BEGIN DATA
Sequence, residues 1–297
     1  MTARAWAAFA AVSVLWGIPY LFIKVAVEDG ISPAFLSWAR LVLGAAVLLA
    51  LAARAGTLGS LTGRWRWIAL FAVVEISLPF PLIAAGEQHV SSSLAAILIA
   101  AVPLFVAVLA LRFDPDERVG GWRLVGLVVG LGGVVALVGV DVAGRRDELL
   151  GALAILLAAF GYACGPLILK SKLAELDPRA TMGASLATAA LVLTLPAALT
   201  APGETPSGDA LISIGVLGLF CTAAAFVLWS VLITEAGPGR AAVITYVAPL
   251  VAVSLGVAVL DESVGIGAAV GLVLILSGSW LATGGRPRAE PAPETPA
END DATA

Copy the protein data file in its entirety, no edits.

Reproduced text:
Sequence, residues 1–297
     1  MTARAWAAFA AVSVLWGIPY LFIKVAVEDG ISPAFLSWAR LVLGAAVLLA
    51  LAARAGTLGS LTGRWRWIAL FAVVEISLPF PLIAAGEQHV SSSLAAILIA
   101  AVPLFVAVLA LRFDPDERVG GWRLVGLVVG LGGVVALVGV DVAGRRDELL
   151  GALAILLAAF GYACGPLILK SKLAELDPRA TMGASLATAA LVLTLPAALT
   201  APGETPSGDA LISIGVLGLF CTAAAFVLWS VLITEAGPGR AAVITYVAPL
   251  VAVSLGVAVL DESVGIGAAV GLVLILSGSW LATGGRPRAE PAPETPA